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Exclusionary requests and parental alienation

Parental alienation happens when your ex attempts to turn your kids against you. While you have a legal right to see them and be involved in their lives, your ex emotionally manipulates them to take them away from you by making it so they do not even want to see you.

It's heartbreaking when it happens, and it's potentially illegal. The children's best interests should always come first, and that generally means seeing both parents. Anything that gets in the way of that is likely focused on what your ex wants, not what the kids really want.

One key sign of parental alienation is when the child starts to make exclusionary requests.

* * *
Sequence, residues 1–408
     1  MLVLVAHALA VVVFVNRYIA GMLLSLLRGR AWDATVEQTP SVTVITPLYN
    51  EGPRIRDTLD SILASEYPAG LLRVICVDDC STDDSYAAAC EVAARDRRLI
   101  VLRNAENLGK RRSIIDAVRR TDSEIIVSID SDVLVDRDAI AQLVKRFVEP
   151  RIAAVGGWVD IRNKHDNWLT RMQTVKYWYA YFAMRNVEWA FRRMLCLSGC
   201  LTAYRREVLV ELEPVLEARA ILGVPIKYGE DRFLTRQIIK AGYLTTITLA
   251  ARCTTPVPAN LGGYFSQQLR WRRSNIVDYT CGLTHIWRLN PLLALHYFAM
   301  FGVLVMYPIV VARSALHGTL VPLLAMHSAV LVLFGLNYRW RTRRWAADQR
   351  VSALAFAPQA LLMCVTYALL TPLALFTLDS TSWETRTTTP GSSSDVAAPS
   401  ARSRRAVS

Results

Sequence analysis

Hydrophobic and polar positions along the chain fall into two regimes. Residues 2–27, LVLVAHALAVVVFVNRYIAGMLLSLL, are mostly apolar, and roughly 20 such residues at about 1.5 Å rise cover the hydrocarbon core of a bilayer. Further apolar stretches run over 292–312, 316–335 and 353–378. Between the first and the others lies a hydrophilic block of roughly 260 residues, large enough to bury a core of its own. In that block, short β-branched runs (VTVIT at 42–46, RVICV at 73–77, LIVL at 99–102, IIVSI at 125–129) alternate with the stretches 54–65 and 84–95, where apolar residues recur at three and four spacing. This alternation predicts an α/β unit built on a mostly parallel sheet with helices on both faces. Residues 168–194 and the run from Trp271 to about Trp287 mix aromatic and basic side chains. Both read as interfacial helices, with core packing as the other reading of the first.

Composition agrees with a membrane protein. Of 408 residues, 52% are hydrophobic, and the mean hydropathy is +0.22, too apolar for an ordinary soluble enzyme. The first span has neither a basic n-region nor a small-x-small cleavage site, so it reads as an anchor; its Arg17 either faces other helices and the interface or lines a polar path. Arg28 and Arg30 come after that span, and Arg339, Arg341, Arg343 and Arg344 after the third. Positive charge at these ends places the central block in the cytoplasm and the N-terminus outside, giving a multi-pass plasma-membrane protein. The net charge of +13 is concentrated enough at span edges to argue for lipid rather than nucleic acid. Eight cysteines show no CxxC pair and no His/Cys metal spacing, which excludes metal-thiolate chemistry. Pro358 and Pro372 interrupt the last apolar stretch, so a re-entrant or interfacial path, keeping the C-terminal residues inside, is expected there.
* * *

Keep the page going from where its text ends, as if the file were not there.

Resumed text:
For instance, maybe your son or daughter has always played basketball. During the marriage, you were their strongest supporter and you went to every game. After the divorce, you want to keep going. You do it for a while, and your ex can't stop you, but it's clear they don't like you being there. Then, one day, your child asks you not to come to the games anymore.

It's a red flag because it's such a drastic change. Ask yourself why your child would suddenly not want you to be around. Why are they really trying to limit contact? Is your ex threatening them or manipulating them to push you out of the picture?

It's hard not to feel incredibly hurt when this happens, and that's all right. But, rather than getting angry with your ex, it is time to put your emotions and energy into finding out what's going on and what legal steps you can take to stay in the child's life.

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